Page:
With the title, Appointment with ISIL, the reader knows Anthony Provati will meet up with the terrorist organization that now controls sections of the Middle East and Africa.
Yet, how he gets there, both literally and figuratively, in the way of plots, subplots and characters, is where Joe Giordano’s latest novel shines page after thrilling page.
New York was once dominated by Italians, as Giordano showed in his previous work Birds of Passage. The author is most proud of his Italian heritage. In Appointment with ISIL, he retains the roots of his ethnicity only through the exploits of main character Anthony Provati. This is today’s New York where a mix of ethnicities range throughout every borough of the city and Giordano captures the mosaic in all its flaws and glories.
The novel begins with Provati playing piano at a bar in the West Village when suddenly in walks a beautiful woman named Sophia, who is a Greek native from the island of Crete, accompanied by her boyfriend, Gorgon Malakhov, a Russian immigrant and member of the Russian mafia. This sets up the arch of the novel after both Provati and Sophia fall for each other. Enraged, Malakhov orders his bodyguard to rough up Provati, who it turns out is no stranger to street fighting and gets the better of the brute. Vengeance is in order and Provati now has a price on his head. To save himself, he must do a “favor” for Malakhov, which entails stealing priceless artworks. It is here in the novel where the author has fun with the Russian gangster. Malakhov is reminiscent of Nero, a psychopath with a playful outlook. When he considers his girlfriend, he says, “Attraction to my lovely angel is natural. The devil dipped Sophia in honey.” And when he considers why he came to the United States, he says, “When I left prison, I joined a gang and moved up the ranks until I accumulated so many enemies that I decided to find new hunting grounds. That’s when I immigrated to this wonderful country. The American Dream, Mr. Provati. I intend to steal it.”
The interchange between Provati and Malakhov sets up the plot with a myriad of colorful characters, ranging from a Russian Jewish con artist, a corrupt Irish American police detective, and a Columbian drug dealer. How we go from there to the dangers of ISIL makes for an enormously entertaining and engaging novel by Giordano.
A crime thriller that evolves into one of international intrigue runs the risk of becoming droll and monochrome. Giordano’s writing, however, is so clever and agreeable, that the reader keeps turning pages just for the prose alone. We are spellbound by the work. The author, no doubt, has a love for such literary icons of the past as Raymond Chandler, Mickey Spillane and James M. Cain. In the first-person narrative, in the voice of Provati, he comes up with witty treatises to follow the actions of urban characters. It is a jewelry story of prose. Such as when he conveys why a Russian mobster was embraced in New York high society: “Malakhov developed a theory on his popularity; he was the High Priest of the new morality. Elites eschewed absolute rights and wrongs. For them, rules didn’t apply. Only if you were caught was it bad. Bounce back like a clown punching toy, smiling through the storm that eventually blew over. Narcissus was the model. Conscience and embarrassment were for losers.”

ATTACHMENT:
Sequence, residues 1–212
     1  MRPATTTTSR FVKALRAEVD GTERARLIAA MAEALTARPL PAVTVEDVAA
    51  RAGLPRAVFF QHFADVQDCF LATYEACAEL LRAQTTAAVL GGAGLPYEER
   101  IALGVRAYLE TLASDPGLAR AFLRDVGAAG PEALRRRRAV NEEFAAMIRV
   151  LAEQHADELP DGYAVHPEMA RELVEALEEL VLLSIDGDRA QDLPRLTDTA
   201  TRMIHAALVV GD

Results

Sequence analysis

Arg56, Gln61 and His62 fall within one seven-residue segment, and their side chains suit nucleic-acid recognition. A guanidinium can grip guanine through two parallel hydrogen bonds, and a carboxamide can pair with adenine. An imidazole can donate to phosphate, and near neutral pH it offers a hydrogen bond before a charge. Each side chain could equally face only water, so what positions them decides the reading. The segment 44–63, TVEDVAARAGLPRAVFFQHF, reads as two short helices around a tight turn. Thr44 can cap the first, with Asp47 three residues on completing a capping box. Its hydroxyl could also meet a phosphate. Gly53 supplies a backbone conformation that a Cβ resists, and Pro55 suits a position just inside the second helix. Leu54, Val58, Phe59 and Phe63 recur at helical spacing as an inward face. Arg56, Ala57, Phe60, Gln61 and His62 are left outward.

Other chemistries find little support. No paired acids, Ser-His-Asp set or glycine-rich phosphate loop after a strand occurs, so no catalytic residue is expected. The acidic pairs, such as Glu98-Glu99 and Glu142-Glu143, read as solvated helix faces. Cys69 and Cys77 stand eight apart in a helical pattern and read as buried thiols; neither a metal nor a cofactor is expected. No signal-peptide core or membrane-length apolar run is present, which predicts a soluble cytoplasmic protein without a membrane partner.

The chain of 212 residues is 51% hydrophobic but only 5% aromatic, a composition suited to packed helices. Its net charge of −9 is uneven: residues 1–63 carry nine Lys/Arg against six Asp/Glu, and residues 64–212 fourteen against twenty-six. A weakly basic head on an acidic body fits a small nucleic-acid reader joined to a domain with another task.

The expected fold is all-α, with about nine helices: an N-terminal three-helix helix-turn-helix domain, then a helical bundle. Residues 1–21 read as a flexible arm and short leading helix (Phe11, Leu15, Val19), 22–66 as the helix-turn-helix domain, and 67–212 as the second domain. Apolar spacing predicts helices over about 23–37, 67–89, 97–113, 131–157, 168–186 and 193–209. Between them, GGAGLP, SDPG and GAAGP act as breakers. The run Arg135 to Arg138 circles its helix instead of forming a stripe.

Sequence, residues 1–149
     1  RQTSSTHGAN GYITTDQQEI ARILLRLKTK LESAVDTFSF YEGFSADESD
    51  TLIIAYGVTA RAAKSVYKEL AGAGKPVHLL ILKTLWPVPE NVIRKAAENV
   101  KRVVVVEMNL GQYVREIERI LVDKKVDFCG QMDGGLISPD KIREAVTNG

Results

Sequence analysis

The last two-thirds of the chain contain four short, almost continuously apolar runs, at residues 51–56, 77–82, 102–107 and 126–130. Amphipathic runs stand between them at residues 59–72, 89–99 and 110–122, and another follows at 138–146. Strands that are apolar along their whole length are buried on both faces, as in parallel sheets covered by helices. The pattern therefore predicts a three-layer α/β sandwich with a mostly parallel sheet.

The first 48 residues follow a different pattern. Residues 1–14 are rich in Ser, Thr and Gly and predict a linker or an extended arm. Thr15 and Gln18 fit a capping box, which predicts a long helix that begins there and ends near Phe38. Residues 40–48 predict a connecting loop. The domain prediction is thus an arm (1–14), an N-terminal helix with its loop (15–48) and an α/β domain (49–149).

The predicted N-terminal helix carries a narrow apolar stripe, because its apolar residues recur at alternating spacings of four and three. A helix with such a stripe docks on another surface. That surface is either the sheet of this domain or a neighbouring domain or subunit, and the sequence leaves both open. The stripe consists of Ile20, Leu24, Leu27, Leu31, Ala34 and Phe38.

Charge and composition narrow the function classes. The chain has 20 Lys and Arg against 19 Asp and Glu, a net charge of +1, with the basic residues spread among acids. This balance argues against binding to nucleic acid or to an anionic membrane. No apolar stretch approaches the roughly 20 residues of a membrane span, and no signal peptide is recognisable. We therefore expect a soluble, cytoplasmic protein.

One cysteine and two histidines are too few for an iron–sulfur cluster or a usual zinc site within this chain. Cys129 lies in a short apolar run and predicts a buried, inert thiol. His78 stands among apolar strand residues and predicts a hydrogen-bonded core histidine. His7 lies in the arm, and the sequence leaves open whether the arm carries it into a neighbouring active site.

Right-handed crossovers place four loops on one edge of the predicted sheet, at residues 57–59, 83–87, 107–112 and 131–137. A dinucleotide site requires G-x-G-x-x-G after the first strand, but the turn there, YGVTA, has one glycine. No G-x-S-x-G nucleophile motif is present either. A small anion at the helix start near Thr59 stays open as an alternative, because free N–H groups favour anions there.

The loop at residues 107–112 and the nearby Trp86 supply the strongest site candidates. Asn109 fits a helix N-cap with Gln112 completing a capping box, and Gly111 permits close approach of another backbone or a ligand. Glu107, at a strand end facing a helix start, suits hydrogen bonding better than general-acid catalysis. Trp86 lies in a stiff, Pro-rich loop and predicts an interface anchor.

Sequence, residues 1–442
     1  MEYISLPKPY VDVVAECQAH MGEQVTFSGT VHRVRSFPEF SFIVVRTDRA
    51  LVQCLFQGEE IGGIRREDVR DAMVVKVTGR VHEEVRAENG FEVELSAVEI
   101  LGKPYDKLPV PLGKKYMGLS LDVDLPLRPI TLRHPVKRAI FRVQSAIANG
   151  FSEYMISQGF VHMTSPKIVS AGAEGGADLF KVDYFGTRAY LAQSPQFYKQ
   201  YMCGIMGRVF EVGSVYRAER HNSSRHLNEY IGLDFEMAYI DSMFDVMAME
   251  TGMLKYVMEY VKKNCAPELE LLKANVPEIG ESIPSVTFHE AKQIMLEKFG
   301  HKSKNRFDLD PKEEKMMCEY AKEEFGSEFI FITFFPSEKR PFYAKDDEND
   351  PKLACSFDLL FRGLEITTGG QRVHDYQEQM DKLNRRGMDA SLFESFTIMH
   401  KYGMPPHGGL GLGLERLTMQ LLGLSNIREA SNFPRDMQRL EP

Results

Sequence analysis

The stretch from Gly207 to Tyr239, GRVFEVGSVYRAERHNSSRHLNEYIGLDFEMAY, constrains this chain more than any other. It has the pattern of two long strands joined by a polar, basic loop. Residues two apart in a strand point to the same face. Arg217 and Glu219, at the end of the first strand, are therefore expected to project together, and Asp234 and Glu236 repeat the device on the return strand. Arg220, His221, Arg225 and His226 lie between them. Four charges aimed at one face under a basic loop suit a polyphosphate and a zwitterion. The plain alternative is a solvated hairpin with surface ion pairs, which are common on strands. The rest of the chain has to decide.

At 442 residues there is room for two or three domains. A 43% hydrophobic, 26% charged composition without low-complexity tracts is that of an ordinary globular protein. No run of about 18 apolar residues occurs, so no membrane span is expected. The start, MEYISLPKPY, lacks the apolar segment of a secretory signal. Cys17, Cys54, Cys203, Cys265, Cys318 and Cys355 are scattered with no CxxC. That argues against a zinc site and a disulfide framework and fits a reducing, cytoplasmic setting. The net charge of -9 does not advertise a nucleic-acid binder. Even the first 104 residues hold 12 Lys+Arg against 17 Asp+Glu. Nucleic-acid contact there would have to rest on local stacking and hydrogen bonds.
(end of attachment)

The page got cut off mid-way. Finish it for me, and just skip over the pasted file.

Giordano is smart to choose a character such as Provati as the foundation to build his novel. Most likable, Provati is someone we all knew from spending time in New York. He is of the city, born and raised there. He is surprisingly laid back. He is adaptable and agreeable and must rely on his wits and his ability to get along with others. He is New York wise; a survivor of a dysfunctional family. It is a hard mix of pain and love when he looks back at a fistfight with his father. “The fright my father showed when I held him up against the wall robbed him of his dignity. A son should never see his father afraid.” He understands the crux of their relationship. “Occasionally, he was civil to me. I translated his attention into affection. I desperately drank of it the way a parched wanderer squeezes liquid from a cactus in the desert.” When he recalls the story of his mother, who as a girl, recovered a bike from the trash, we know the hard truth he learned. “Coasting down a steep hill, the bike squealed under the stress until corrosion buckled the frame, and my mother was slammed to the concrete tumbling onto rusty nails and broken glass. Her parents thought it served her right for frittering away time. My mother’s face was testimony that seeming good fortune can rip you for life.”
Appointment with ISIL is a home run by Giordano. The book will grasp a reader’s attention on every page. The characters, the plot and prose come together for an outstanding work of contemporary Americana. PRIMO highly recommends Appointment with ISIL.
– Truby Chiaviello, Editor Primo Magazine